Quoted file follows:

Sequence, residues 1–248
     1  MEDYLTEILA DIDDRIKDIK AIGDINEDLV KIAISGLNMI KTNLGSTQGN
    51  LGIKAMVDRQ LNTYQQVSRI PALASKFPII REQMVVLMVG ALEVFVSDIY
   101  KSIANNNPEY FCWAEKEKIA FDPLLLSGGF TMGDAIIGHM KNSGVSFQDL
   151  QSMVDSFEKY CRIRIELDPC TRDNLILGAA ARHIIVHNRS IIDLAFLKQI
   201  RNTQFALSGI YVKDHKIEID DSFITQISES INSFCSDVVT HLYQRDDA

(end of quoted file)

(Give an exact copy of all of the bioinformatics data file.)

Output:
Sequence, residues 1–248
     1  MEDYLTEILA DIDDRIKDIK AIGDINEDLV KIAISGLNMI KTNLGSTQGN
    51  LGIKAMVDRQ LNTYQQVSRI PALASKFPII REQMVVLMVG ALEVFVSDIY
   101  KSIANNNPEY FCWAEKEKIA FDPLLLSGGF TMGDAIIGHM KNSGVSFQDL
   151  QSMVDSFEKY CRIRIELDPC TRDNLILGAA ARHIIVHNRS IIDLAFLKQI
   201  RNTQFALSGI YVKDHKIEID DSFITQISES INSFCSDVVT HLYQRDDA